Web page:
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Refreshment in Refuge

    by Gina Burgess

Grace, Mercy, Peace - in that order.
Date Posted: February 22, 2015

Jesus uses the word mercy with the intent of compassion, kindness, or good will towards those who are miserable and afflicted. The Greek word is éleos. According to Vine’s it is the outward manifestation of pity and assumes the need of the one who receives it.

So when Jesus says, “The merciful will receive mercy,” that assumes the need of the one giving the mercy as well as the one the merciful bestows mercy upon. How fascinating! Oh, not that God receives mercy. No, God is rich in mercy (Ephesians 2:4), so what He pours out of the windows of Heaven is unending. But is it only to those who are merciful? I’m saying that Jesus is also implying that humans who are merciful also need mercy.

Another heart stopping question is this: What did Jesus mean when He said that if you do not forgive, neither will your Father forgive you. This is recorded in several places (Matthew 6:15; Matthew 18:25; Mark 11:26; Luke 6:37; Luke 17:3-4).

Paul implies an order to how mercy is bestowed: Grace, mercy, and peace (1 Timothy 1:2; 2 Timothy 1:2; Titus 1:4). Grace is necessary before mercy can be given and then peace always will follow. That means that before believers confess their sins, grace from God is available. That means that the miserable and afflicted that need mercy (compassion in action) also require grace to be available. After mercy is bestowed, peace settles down around both the giver and the receiver of mercy like a cozy blanket.

Grace is that fabulous Greek word, charis that is infused with delicate nuances. One major nuance is that of the merciful kindness by which God, exerting his holy influence upon souls, turns them to Christ, keeps, strengthens, increases them in Christian faith, knowledge, affection, and kindles them to the exercise of the Christian virtues (Thayer).

Matthew Henry states: Those are the merciful, who are piously and charitably inclined to pity, help, and comfort persons in misery. But also those who show mercy and forgiveness to those who have wronged them are more than happy. These people live lives without bitterness and without anger. There is much to be said for a light and airy heart that is full of God’s love towards others rather than a heart full of grudges.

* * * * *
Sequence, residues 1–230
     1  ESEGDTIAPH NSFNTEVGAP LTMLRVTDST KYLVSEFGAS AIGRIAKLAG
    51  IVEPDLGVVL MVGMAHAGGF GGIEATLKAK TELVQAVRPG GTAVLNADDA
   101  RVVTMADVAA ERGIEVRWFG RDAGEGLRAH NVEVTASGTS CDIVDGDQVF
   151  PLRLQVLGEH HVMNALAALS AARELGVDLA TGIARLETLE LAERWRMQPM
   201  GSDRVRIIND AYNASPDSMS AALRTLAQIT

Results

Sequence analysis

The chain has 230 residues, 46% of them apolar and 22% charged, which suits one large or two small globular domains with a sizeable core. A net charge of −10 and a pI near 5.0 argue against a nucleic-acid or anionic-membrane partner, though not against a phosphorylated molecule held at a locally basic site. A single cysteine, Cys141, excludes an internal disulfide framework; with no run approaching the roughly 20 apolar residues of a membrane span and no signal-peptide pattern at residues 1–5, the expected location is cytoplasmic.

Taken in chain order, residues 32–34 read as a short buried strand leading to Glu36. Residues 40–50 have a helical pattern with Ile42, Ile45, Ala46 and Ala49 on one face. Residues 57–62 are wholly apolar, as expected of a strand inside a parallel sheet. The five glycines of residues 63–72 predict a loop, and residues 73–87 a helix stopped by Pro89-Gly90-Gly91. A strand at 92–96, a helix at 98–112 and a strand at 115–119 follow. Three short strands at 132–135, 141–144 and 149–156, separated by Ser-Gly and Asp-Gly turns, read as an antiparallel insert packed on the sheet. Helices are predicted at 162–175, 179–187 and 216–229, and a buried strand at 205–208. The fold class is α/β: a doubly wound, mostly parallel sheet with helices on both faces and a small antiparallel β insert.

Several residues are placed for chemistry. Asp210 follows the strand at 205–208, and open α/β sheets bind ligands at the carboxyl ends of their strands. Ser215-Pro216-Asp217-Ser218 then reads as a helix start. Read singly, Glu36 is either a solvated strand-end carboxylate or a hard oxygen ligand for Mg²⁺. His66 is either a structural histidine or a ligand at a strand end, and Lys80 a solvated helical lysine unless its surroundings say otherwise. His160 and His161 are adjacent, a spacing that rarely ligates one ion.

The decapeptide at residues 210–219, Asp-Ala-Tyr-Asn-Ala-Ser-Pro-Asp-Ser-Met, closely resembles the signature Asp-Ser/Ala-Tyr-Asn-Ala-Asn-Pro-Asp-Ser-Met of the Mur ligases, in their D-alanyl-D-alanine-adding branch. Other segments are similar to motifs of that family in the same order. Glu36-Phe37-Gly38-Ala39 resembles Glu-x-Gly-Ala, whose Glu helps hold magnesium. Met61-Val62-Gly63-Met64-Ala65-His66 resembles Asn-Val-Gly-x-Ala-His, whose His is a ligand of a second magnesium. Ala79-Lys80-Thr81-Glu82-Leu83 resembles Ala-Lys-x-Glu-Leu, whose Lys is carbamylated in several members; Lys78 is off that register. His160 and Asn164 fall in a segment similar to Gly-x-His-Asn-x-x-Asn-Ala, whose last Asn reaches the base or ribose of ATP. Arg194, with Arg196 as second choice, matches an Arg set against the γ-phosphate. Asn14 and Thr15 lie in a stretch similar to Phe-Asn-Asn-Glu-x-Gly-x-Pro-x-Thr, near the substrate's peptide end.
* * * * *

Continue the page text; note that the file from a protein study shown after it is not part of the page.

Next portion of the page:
Thus peace descends upon the children of God.

What about unbelievers? I have seen many unbelievers have grace and bestow mercy. I do not know the inner recesses of their hearts, or what their motives are to exhibit this grace and mercy, perhaps being made in the image of God with all of His emotions and characteristics helps unbelievers to show spurts and starts of grace and mercy.

I do know one thing. Many social psychology experiments have been conducted to test the feelings people have after doing a kindness. There is something that happens to a person when acting kindly. You just feel better. You step lighter. Your heart is lighter. It’s a very good feeling. Everyone can find happiness there. However, how much greater to find that eternal happiness in Heaven, don’t you think so?

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Biography Information:
Gina Burgess has taught Sunday School and Discipleship Training for almost three decades. (Don't tell her that makes her old.) She earned her Master's in Communication in 2013.

She is the author of several books including: When Christians Hurt Christians, The Crowns of the Believers and others available in online bookstores. She authors several columns, using her God-given talent to shine a light in a dark world. You can browse her blog at Refreshment In Refuge.

If you'd like to take a look at some Christian fiction and Christian non-fiction book reviews before the books hit the book store shelves, check out Gina's book reviews at Upon Reflection

Gina is a partner and COO of Common Sense Marketing Strategies, LLC that owns Authors Community and
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